Some destructible meshes appear to be “vibrating”
It seems to be inconsistent. If I place several of the same DM. usually only half of them will behave this way.
But not always.
If I destroy the mesh… sometimes… but not always it will cause significant lag. But only once after the editor is loaded. And not always the first time a mesh is destroyed.
It happens in both PIE and packaged.
I’ll keep testing to see if I can get any more details on what might be causing it.
I’ve discovered that this stops if collision is turned off.
There isn’t nearly enough information in this post to look into this. Can you post any comparisons you had before upgrading to 4.11 with your 4.10 version? Can you also include anything special about your DMs that you’ve setup.
From everything described this seems like normal behavior for destructible mehes. Especially the vibrating is when the chunks have no been put to sleep and typically happens more when DMs are no using Async scene rather than the default scene. The lag being the same as well. DMs are handled on the CPU and depending on your machine specs, the number of chunks in a single DM, the number of physics simulations going, and the number of DMs simulating physics in the scene that are fractured.
Nothing changed between 4.10 and 4.11 and my DM only has 20 chunks… And my CPU is more than sufficient to handle it…
Nonetheless, After some trial and error it seems that turning off multi body overlap has solved the issue. The mesh is no longer vibrating, and there is no longer any lag on destruction. Not really sure why I had Multi Body Overlap set to true anyway.
I guess I spoke too soon… It seems to be doing it again after not doing it for a while.
If this helps… Here is my DXDiag
I noticed that my DM blueprints have multiple fracture effects where previously it was 0 (I dont use fracture effects.) Making a new blueprint and a new DM correctly shows 0… But does not seem to solve the problem.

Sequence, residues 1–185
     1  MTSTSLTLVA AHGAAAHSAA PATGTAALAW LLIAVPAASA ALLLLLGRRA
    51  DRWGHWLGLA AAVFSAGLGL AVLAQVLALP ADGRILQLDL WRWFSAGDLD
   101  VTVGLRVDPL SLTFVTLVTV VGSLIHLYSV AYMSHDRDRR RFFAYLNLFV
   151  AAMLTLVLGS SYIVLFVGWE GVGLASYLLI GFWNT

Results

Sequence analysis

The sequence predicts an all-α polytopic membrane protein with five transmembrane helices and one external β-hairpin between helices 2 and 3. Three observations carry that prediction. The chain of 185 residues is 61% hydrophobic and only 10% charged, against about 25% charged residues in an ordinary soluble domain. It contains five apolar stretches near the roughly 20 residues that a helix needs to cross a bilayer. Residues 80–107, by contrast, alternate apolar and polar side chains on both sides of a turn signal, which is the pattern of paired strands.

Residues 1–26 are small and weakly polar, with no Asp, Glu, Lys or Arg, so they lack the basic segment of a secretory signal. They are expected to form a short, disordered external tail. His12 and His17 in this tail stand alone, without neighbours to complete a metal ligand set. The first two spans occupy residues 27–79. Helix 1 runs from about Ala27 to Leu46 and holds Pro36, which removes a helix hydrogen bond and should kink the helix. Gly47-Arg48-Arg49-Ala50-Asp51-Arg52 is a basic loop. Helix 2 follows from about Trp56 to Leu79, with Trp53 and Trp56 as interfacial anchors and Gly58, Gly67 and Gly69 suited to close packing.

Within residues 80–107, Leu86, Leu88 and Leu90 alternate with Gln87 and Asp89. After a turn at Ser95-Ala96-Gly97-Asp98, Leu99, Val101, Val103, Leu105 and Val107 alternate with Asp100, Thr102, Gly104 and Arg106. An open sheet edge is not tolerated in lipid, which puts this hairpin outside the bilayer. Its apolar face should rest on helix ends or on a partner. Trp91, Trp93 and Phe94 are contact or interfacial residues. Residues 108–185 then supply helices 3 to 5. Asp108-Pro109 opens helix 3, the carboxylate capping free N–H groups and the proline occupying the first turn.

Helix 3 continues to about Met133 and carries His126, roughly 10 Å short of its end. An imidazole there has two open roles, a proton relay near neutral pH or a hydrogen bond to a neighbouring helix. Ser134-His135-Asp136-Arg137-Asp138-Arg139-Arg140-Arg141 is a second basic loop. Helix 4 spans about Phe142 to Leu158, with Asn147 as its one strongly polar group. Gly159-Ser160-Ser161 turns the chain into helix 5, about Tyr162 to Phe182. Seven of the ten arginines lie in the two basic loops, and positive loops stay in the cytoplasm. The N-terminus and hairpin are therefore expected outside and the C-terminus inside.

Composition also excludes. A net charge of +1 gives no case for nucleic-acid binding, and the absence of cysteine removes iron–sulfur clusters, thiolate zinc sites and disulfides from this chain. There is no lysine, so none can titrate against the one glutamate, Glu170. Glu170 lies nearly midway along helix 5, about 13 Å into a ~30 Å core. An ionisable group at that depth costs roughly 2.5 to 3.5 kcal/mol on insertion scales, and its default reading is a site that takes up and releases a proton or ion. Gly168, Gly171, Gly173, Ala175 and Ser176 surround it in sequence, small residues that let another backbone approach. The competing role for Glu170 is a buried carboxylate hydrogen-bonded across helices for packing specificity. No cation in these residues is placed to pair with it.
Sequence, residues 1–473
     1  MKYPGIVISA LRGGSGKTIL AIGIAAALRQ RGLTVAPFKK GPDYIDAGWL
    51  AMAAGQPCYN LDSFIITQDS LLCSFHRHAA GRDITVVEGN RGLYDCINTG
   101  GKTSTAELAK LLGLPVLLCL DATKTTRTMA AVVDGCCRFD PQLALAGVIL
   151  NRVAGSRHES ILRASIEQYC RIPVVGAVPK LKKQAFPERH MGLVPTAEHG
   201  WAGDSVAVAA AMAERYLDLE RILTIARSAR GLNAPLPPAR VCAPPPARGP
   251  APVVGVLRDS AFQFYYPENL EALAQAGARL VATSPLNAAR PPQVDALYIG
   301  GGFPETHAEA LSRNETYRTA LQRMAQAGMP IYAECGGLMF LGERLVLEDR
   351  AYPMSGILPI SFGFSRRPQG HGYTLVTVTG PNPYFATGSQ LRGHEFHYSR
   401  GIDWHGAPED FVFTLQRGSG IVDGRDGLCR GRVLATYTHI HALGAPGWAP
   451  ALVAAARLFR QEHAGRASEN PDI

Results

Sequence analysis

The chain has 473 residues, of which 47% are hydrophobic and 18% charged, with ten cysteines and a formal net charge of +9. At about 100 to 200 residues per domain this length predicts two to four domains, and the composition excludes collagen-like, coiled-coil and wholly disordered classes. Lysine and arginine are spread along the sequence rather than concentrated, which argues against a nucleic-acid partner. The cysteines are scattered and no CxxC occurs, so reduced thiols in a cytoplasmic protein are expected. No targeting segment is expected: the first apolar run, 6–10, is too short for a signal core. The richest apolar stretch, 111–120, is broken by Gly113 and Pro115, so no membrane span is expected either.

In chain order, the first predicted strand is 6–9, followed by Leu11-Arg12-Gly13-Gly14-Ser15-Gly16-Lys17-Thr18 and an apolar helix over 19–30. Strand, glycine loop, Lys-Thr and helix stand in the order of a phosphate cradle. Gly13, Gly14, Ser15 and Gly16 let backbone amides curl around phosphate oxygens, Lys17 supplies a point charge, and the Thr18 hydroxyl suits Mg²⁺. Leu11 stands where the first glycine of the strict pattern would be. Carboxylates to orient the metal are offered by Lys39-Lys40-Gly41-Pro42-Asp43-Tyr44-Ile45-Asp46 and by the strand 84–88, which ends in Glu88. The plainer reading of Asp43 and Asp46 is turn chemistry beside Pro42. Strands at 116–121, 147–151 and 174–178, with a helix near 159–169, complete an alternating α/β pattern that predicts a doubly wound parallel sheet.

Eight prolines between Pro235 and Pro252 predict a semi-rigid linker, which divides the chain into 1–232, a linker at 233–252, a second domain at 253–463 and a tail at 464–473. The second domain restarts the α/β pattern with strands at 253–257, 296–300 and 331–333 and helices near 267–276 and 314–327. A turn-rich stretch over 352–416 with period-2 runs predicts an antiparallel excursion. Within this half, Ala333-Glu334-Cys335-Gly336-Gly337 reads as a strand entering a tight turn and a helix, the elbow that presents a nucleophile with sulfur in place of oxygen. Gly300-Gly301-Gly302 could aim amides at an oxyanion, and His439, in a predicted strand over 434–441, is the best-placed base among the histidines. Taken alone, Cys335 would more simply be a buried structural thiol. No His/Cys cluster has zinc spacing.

Ok and one more update… I discovered the source of the lag and can reproduce it in a fresh project.
If debris is enabled, debris depth 0, with the debris timeout flag.
The first time the DM is destroyed there is lag. But after the lag happens, it won’t do it again unless you close the editor or the packaged project and restart.
Have not yet been able to reproduce the vibrating mesh issue in a fresh project.
Ok so far migrating all my content to a blank project seems to have solved the vibrating problem, as well as another reported bug about sound cues not playing in the content editor.
But the lag issue with debris timeout enabled still exists.
I was able to see this short lag in 4.11 which didn’t happen in 4.10.4. When I tested this with our internal build of 4.12 it was working like 4.10.4 with no lag that I could see. I didn’t see a ticket where this was submitted any fix for this, so at the moment it looks like this will be an issue resolved once 4.12 comes out.
I’ve tried to see if I could reproduce this in any way, but no luck so far. I’m assuming you’re creating your Destrucitbles in the editor and only have a single depth of destruction. There should only be two levels in that case, one for Depth 0 and one for Depth 1. This shouldn’t affect anything if you’re not assigning any particle systems to them though.
I’m getting a strange vibration as well when falling, but before it actually fractures. Using default DM settings, and a BSP turned static mesh.
I tried importing my mesh from blender, the material bugs out oddly when it fractures. DMs are a headache.
Turning off cast shadow seems to have stopped the vibrating and material buggyness.